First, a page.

Winterizing Your Irrigation System: DIY or Hire a Professional?

Winterizing Your Irrigation System: DIY or Hire a Professional?

Your irrigation system is an investment in your property and it makes sense that you want to protect it from damage. One of the most important ways you can keep your system from becoming damaged over time is to make sure it’s ready for cold temperatures by weatherizing it properly. Skip this critical step and you could wind up with pipes that freeze and break, resulting in major leaks and costly repairs. You may even wind up needing to replace the entire system.

At Garden Irrigation, we can winterize your system for you, making sure it’s properly protected and saving you the hassle of trying to do it yourself. But if you’re a handy kind of person, you may want to tackle weatherizing your irrigation system on your own. If that sounds like you, here are the steps you need to take to make sure your irrigation system is ready for winter weather:

  1. Turn off the water at the main valve (which hopefully was installed in a spot where there’s no risk of becoming frozen).
  2. Turn off the system controller. The controller is what times when your system turns on and off. Depending on the system you have, you may be able to use a setting to prevent the system from turning on (often designated as “rain” mode) or you may have to disconnect the controller altogether.
  3. Now, it’s time to disconnect the backflow preventer. Backflow preventers that use union connectors – threaded connectors designed to make connecting and disconnecting easy – can be removed without too much effort. Those that use other types of connectors may have to be cut out and reconnected using union connectors in the spring. Once the preventer is disconnected, drain it and store it in your garage or basement until spring.
  4. Drain your risers. You can use a pump or a wet-dry vac for this task. In a few cases, you may be able to siphon the water out; no matter which route you choose, be sure the risers are completely drained. Valves located above ground should be removed and stored until spring. Some homeowners opt for heating cables to keep valves and risers free from freezing, but be aware that a single power outage can be enough to destroy your entire system.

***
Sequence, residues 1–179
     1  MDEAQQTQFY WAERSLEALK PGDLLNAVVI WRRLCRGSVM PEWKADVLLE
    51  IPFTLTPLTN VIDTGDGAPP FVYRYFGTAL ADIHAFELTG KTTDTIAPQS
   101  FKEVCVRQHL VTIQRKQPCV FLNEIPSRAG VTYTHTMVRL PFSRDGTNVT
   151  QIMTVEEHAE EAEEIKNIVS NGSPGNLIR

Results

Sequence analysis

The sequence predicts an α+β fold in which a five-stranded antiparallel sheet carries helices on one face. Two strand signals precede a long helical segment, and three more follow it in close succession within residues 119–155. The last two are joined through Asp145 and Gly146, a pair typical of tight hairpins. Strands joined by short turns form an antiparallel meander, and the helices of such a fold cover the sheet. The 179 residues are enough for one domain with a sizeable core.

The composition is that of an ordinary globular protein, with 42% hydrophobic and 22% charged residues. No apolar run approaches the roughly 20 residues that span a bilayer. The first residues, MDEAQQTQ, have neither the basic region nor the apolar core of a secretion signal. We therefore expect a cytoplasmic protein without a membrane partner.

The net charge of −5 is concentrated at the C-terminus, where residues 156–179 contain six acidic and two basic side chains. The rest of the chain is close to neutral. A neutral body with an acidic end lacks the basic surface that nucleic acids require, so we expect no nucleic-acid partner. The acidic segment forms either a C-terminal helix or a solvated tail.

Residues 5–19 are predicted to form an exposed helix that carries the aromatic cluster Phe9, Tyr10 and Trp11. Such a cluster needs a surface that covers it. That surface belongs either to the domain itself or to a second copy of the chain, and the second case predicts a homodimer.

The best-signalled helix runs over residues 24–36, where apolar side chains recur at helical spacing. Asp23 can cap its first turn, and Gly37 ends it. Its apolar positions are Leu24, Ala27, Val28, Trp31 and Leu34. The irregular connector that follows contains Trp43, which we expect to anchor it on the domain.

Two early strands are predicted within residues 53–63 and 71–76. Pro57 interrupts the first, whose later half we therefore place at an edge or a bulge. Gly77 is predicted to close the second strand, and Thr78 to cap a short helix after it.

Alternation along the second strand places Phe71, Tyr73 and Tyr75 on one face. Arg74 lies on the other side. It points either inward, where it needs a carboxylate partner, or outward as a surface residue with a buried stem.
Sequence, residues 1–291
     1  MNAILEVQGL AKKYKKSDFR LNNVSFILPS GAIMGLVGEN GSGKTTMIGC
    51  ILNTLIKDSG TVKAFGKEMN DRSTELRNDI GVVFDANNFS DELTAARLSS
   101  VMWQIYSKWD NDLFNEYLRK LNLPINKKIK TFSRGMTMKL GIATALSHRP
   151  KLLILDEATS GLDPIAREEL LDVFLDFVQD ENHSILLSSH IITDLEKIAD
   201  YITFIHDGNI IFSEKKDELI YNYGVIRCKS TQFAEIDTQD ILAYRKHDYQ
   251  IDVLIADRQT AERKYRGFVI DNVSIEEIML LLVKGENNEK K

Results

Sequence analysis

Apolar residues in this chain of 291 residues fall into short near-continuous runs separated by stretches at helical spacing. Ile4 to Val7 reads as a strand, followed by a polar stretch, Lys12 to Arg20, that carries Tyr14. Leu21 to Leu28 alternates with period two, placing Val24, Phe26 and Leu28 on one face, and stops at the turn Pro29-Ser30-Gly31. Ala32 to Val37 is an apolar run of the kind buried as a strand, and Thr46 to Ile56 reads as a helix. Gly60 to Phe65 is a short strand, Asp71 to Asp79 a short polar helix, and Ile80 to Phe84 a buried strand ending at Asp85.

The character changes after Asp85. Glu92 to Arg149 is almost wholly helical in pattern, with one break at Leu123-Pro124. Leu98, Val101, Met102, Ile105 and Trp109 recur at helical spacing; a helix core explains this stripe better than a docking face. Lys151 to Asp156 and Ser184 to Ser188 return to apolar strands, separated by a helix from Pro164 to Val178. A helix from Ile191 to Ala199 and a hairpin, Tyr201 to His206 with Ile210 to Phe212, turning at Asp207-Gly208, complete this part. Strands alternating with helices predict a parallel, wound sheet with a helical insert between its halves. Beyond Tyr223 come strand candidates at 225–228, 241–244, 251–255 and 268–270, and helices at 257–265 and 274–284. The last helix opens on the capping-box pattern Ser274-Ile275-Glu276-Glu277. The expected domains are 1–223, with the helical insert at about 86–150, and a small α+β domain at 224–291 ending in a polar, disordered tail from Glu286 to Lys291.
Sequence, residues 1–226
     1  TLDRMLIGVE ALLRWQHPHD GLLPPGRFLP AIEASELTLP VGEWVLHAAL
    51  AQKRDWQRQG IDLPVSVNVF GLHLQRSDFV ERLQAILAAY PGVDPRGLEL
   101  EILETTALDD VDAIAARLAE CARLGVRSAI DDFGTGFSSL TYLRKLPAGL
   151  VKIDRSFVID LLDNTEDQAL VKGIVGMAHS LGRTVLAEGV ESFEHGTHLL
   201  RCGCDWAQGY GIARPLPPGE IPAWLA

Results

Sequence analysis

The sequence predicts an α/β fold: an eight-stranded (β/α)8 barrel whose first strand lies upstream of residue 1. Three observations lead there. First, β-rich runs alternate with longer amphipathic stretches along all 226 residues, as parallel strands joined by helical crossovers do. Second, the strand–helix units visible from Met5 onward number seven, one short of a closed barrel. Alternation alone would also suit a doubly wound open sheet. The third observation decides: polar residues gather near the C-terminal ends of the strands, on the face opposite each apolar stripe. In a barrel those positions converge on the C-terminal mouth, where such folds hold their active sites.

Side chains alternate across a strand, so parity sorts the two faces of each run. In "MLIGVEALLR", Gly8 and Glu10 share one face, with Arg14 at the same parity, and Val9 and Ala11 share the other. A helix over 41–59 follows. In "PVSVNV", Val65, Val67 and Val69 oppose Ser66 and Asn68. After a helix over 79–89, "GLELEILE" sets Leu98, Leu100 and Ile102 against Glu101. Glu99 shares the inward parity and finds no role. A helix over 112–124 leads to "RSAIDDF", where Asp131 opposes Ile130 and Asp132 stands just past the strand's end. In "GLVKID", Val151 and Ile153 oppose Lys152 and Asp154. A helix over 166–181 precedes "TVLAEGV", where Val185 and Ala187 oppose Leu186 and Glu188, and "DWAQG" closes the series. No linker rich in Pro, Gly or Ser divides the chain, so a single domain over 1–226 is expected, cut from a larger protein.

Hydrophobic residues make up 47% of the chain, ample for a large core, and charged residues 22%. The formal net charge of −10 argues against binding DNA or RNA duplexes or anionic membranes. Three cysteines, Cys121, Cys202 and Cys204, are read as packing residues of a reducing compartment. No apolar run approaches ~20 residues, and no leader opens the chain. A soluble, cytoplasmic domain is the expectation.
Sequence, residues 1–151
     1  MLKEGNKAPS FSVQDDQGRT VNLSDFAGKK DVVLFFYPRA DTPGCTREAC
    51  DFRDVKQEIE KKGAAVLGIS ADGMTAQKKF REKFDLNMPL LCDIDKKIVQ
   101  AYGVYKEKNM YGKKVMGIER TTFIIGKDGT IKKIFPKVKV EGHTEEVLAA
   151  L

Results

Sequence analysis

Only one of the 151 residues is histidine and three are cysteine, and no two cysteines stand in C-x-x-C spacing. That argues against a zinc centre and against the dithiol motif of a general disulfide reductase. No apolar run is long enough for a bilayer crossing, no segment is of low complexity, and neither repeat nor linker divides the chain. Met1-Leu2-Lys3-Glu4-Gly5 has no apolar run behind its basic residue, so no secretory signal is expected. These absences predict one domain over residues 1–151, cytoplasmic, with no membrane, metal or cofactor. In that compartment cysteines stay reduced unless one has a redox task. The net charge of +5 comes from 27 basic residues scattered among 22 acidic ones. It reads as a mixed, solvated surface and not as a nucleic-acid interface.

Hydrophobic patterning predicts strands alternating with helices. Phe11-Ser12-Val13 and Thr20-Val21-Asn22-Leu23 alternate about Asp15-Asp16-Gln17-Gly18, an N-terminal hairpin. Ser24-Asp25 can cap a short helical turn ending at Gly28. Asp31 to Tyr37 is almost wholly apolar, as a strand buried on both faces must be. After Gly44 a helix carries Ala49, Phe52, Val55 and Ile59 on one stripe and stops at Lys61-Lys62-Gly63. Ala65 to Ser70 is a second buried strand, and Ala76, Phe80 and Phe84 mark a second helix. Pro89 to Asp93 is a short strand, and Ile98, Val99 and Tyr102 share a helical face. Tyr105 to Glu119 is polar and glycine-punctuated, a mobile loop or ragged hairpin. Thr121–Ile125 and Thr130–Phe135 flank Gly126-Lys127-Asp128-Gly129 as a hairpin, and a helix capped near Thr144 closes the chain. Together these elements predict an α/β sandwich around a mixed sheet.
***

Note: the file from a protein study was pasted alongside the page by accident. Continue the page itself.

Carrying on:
5. Drain your pipes and sprinkler heads. This is where it gets complicated. There are a few ways you can go: Use a wet-dry vac to suck the water out – a process that’s extremely tedious and not always completely effective; using the drain valves to drain water; or using air to blow air out of your system. The drain valve method depends on your system having the drain valves placed properly during installation. Essentially, gravity works for you by drawing water to the lowest point where the valve is located. Valves and sprinkler heads won’t dry completely; they need to be removed and dried manually. Try using a wet-dry vac on the sprinkler heads. Blowing the moisture out of your system is probably the most effective options, but because pressure must be carefully regulated to avoid damage, this is a job best left for professionals.

When it comes to winterizing your irrigation system doing it yourself will certainly save money upfront (as long as you own the right equipment to do it properly), but remember: even small errors can cause significant damage to your system. Having a professional winterize your system is the best way to make sure it’s done right and a wise investment in the long-term health of your system. Interested in learning more about the winterization services we offer? Call us today at 1-800-WET LAWN.

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